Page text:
sqrt(nrow(subset(data, sex == 1 & treatment == 1)))


Okay, but doing this for each combination of the predictors and responses is no fun and requires a lot of copying and pasting. Also, the above function calls are pretty messy with lots of repetition. There is a better way, and that’s where plyr and reshape2 come in. We load the packages. The first time you’ll have to run install.packages, as usual.

library(plyr)
library(reshape2)


First out, the melt function from rehape2. Look at the table above. It’s reasonable in many situations, but right now, it would be better if we put both the response variables in the same column. If it doesn’t seem so useful, trust me and see below. Melt will take all the columns except the ones we single out as id variables and put them in the same column. It makes sense to label each row with the sex and treatment of the individual. If we had an actual unit id column, it would go here as well:

melted <- melt(data, id.vars=c("sex", "treatment"))


The resulting ”melted” table looks like this. Instead of the response variables separately we get a column of values and a column indicating which variable the value comes from.

  sex treatment  variable       value
1   1         1 response1 -0.15668214
2   1         2 response1 -0.40934759
3   1         1 response1  0.07103731
4   1         2 response1  0.15113270
5   1         1 response1  0.30836910
6   1         2 response1 -1.41891407


Now it’s time to calculate the summary statistics again. We will use the same functions as above to do the actual calculations, but we’ll use plyr to automatically apply them to all the subsets we’re interested in. This is sometimes called the split-apply-combine approach: plyr will split the data frame into subsets, apply the function of our choice, and then collect the results for us. The first thing to notice is the function name. All the main plyr functions are called something with -ply. The letters stand for the input and return data type: ddply works on a data frame and returns a data frame. It’s probably the most important member of the family.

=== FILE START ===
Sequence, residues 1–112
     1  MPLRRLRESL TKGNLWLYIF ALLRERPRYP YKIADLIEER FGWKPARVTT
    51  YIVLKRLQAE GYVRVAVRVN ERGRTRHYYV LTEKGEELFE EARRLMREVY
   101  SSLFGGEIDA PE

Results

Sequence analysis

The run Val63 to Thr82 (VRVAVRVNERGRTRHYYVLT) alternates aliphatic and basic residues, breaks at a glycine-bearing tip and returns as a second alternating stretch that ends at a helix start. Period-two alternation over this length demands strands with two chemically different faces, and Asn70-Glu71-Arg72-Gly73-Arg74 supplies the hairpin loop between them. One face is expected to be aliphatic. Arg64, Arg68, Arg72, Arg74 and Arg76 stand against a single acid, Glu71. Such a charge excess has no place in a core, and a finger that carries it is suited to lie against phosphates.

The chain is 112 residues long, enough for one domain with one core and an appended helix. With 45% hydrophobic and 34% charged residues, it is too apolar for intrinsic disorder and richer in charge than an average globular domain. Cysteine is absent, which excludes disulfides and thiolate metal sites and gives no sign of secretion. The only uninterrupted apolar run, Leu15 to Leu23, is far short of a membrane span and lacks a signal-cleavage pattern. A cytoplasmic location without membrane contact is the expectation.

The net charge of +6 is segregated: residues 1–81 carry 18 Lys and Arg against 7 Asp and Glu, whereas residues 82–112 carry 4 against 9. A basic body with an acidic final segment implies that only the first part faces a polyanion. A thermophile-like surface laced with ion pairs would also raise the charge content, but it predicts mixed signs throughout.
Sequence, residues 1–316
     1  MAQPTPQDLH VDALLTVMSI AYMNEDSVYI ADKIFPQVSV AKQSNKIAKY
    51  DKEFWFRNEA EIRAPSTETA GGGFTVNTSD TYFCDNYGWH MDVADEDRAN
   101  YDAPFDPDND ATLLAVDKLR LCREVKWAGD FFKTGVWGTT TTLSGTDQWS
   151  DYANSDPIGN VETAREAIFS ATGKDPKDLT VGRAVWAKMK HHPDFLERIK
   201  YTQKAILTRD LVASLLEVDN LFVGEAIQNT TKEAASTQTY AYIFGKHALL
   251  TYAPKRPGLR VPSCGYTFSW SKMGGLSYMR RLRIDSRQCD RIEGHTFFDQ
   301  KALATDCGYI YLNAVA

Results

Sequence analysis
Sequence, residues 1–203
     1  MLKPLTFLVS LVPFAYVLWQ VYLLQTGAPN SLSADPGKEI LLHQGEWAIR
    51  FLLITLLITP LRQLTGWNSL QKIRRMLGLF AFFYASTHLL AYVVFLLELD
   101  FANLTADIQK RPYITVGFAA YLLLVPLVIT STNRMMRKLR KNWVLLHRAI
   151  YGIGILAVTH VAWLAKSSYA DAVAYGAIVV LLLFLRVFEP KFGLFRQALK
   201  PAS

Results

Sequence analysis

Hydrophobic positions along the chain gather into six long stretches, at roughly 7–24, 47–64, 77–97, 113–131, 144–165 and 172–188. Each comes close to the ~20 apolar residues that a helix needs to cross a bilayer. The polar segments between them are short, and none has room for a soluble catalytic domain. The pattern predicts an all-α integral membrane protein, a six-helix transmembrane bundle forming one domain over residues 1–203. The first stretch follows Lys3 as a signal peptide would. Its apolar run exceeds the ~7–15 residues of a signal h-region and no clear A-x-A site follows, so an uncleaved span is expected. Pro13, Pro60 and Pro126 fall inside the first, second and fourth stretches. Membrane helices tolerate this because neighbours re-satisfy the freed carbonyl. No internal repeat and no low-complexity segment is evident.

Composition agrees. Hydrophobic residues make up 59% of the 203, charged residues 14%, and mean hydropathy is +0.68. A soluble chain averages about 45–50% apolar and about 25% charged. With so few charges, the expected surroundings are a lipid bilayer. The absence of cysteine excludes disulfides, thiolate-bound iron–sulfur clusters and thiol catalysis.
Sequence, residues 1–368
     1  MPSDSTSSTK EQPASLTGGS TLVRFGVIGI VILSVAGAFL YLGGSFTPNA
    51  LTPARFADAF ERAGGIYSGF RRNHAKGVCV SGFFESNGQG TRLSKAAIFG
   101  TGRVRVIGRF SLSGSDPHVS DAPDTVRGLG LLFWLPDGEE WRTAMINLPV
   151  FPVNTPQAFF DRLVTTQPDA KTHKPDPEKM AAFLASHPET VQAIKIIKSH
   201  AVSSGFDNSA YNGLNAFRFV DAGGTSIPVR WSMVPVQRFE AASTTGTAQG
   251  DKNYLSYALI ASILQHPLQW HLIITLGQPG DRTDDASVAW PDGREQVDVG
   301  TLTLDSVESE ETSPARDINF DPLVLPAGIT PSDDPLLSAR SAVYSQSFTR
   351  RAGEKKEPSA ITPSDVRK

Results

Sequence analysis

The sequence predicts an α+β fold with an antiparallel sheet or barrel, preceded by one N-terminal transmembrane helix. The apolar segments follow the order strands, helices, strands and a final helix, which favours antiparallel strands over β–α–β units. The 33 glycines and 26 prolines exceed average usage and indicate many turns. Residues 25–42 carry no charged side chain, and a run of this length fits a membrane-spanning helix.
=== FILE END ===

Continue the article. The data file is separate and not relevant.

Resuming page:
The arguments to ddply are the data frame to work on (melted), a vector of the column names to split on, and a function. The arguments after the function name are passed on to the function. Here we want to split in subsets for each sex, treatment and response variable. The function we apply is summarise, which makes a new data frame with named columns based on formulas, allowing us to use the column names of the input data frame in formulas. In effect it does exactly what the name says, summarises a data frame. And in this instance, we want to calculate the mean, standard deviation and standard error of the mean, so we use the above function calls, using value as the input. Run the ddply call, and we’re done!

ddply(melted, c("sex", "treatment", "variable"), summarise,
mean = mean(value), sd = sd(value),
sem = sd(value)/sqrt(length(value)))

  sex treatment  variable         mean        sd        sem
1   1         1 response1  0.021856280 1.0124371 0.04527757
2   1         1 response2  0.045928150 1.0151670 0.04539965
3   1         2 response1 -0.065017971 0.9825428 0.04394065
4   1         2 response2  0.011512867 0.9463053 0.04232006
5   2         1 response1 -0.005374208 1.0095468 0.04514830
6   2         1 response2 -0.051699624 1.0154782 0.04541357
7   2         2 response1  0.046622111 0.9848043 0.04404179
8   2         2 response2 -0.055257295 1.0134786 0.04532414